XOR Bitwise Operations
Last modified: 20240704
XOR is commonly used method for cryptography.
Basic
For XORing, we can use ^
operator.
Here is Python script example to XOR.
Also use the XOR key for xoring a target value.
target = 21
xor_key = 2
print(target ^ xor_key)
# 23
The above operation does the following calculation internally.
 Convert the decimal
21
of the target to the binary (10101
).  Convert the decimal
2
of the key to the binary (00010
).  XOR the bits at each position as below.
10101 # binary for 21
# XOR
00010 # binary for 2
# Result
10111 # binary for 23
By the way, each value can be replaced individually as follows.
a ^ b = c
a ^ c = b
b ^ c = a
In CTF, we may be able to use this principle to calculate the xor key.
XOR Characters
We can also XOR each character.
ord('a') ^ ord('b')
# 3
The above operation does the following calculation internally.
 Convert the character ‘a’ to the Unicode
97
. It’s1100001
in binary.  Convert the character ‘b’ to the Unicode
98
. It’s1100010
in binary.  XOR the bits at each position as below.
1100001 # binary for 'a'
# XOR
1100010 # binary for 'b'
# Result
0000011 # binary for 3
XOR Strings
In addition, we can also XOR strings by XORing the bits at each position.
ciphertext = "5d41402abc4b2a76b9719d911017c592"
key = "secret"
# Convert each string to bytes
ciphertext_bytes = bytes.fromhex(ciphertext)
key_bytes = key.encode()
# XOR operation
xored_bytes = bytes(a ^ b for a, b in zip(ciphertext_bytes, key_bytes))
# Convert the result to Hex
xored_hex = xored_bytes.hex()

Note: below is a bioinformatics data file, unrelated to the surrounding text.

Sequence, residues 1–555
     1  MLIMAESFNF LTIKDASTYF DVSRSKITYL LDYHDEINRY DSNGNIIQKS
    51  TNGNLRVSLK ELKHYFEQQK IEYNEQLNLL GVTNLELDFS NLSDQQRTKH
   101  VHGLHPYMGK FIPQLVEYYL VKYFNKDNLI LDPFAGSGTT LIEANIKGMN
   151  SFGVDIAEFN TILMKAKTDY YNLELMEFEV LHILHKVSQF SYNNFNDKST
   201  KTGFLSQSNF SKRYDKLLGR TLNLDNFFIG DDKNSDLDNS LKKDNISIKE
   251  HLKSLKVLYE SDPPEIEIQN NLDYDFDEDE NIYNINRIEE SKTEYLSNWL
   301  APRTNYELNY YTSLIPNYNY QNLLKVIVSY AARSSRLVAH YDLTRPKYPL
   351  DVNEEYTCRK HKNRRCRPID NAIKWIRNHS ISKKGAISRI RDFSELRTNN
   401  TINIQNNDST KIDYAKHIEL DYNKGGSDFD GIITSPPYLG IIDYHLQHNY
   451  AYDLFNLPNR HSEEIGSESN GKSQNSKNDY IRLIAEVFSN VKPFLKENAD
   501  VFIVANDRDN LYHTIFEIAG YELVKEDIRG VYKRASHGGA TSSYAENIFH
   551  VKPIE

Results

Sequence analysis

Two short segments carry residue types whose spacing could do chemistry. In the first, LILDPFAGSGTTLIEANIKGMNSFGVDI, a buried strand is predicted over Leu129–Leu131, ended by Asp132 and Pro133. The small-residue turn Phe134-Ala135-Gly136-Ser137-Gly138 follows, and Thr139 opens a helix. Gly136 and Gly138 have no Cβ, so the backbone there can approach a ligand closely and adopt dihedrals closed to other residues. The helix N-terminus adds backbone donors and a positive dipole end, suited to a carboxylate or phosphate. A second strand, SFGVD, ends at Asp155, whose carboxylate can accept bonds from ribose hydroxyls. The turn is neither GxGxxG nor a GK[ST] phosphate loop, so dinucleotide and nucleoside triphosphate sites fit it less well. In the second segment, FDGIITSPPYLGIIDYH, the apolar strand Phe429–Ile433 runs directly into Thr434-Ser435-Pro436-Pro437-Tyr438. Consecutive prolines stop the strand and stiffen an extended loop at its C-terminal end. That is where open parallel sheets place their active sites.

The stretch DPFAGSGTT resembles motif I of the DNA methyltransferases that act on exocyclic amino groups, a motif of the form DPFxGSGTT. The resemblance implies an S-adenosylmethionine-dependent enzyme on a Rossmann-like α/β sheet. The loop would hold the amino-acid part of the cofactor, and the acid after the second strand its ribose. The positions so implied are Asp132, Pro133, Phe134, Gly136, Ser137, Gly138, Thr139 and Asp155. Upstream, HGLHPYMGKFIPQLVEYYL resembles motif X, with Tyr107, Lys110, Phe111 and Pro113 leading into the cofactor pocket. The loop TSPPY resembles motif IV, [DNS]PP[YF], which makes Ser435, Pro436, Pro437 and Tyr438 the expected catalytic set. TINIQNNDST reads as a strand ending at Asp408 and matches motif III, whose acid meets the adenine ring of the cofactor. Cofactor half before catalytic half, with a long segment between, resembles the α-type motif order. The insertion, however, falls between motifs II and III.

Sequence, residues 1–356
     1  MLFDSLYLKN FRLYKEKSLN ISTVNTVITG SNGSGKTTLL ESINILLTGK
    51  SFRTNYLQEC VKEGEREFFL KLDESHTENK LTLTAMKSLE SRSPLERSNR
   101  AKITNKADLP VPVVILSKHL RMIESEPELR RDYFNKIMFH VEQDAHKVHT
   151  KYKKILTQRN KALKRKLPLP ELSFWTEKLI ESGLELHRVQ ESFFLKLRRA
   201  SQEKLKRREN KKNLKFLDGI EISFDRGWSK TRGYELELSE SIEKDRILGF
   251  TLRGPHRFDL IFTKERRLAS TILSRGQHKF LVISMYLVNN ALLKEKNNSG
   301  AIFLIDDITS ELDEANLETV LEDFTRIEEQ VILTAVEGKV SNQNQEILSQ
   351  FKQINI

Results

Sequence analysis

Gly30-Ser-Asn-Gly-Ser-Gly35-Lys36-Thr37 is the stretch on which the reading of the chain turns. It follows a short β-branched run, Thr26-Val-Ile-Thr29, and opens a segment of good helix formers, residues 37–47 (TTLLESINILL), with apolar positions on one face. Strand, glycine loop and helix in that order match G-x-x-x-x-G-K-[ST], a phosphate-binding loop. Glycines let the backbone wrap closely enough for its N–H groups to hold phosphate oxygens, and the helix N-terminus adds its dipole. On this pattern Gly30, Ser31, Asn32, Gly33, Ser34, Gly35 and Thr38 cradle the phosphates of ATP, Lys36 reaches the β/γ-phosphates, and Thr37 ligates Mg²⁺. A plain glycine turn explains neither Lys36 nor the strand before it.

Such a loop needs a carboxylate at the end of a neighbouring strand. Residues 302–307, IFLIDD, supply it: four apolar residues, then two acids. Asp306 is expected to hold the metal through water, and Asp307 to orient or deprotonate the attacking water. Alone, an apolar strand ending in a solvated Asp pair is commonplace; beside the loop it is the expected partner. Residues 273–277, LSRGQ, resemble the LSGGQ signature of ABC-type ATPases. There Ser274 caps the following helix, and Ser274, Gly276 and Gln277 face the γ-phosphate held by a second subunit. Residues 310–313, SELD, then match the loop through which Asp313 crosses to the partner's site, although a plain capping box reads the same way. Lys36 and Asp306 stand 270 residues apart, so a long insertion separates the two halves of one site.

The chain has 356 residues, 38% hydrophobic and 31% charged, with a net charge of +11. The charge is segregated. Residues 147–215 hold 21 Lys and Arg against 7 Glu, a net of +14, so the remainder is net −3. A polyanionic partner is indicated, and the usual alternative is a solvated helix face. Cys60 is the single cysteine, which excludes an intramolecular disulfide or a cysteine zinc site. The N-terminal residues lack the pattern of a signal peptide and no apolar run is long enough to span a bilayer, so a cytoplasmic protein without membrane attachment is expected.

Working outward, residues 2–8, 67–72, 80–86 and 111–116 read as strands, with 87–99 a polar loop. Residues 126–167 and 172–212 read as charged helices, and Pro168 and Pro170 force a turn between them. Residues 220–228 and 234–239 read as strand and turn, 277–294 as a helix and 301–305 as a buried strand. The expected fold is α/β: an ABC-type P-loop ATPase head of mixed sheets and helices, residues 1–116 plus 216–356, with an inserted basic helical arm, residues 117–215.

print("Result:", xored_hex)
The above operation does the following calculation.
 Convert the ciphertext to the binary.
 Convert the XOR key to the binary.
 Loop each byte and XOR each one.
 Convert the result bytes to Hex.

Using
strxor
of PyCryptodomeWe can also use
strxor
method ofpycryptodome
module in Python.from Crypto.Util.strxor import strxor print(strxor(b"hello", b"world")) # b'\x1f\n\x1e\x00\x0b'
XOR with Pwntools
We can easily XOR using the xor
module of pwntools
.
First off, install pwntools
if you don't have.
pip install pwntools
To decrypt the encrypted text with XOR, write Python script such as below.
from pwn import xor
ciphertext = "5d41402abc4b2a76b9719d911017c592"
key = "secret"
xored = xor(bytes.fromhex(ciphertext), key.encode())
Brute Force XOR Key with 0/Null
If we specify 0 or \x00
to the target value, the result is the key as it is.
0 ^ 1 # result: 1
0 ^ 2 # result: 2
...
0 ^ 999 # result: 999
Using the principle, we may be able to get the XOR key by brute forcing.
xor_key = b'secret'
null_payload = b''
for i in range(10):
null_payload += b'\x00'
result = bytes([a ^ b for a, b in zip(null_payload, xor_key)])
print(result.decode())
The output of the above script will be the following:
s
se
sec
secr
secre
secret
secret
secret
secret
secret
Brute Force XOR Key leveraging Partial Strings
This is a common CTF problem. If we have already a partial string of the flag such as FLAG{
, we can use this string for brute forcing the XOR key. However, to achieve this, we also need to know the number of characters in the XOR key.
The following example is assuming that the XOR key length is 6
.
# All (almost) characters that are used for brute forcing
chars = "abcdefghijklmnopqrstuvwxyzABCDEFGHIJKLMNOPQRSTUVWXYZ0123456789!\"#$%&\'()~=~`{}+*}<>?_@[]:;,./"
def calc_key(ciphertext: str) > str:
# Convert string to bytes
ciphertext_bytes = ciphertext.encode()
# The final flag will be "FLAG{xxxxxxxxxxx}"
flag_part = "FLAG{"
# Determine the first 5 characters of the key
key_part = ''.join(chr(ciphertext_bytes[i] ^ ord(flag_part[i])) for i in range(0, len(flag_part)))
print(f"key_part: {key_part}")
# Find last key character by brute forcing characters and XORing
for c in chars:
key = key_part + c
# XORing with key
flag = ''.join(chr(b ^ ord(key[i % len(key)])) for i, b in enumerate(ciphertext_bytes))
if flag.startswith("FLAG{") and flag.endswith("}"):
print(f"flag: {flag}")
print(f"key: {key}")
return key
# Not found...
return ''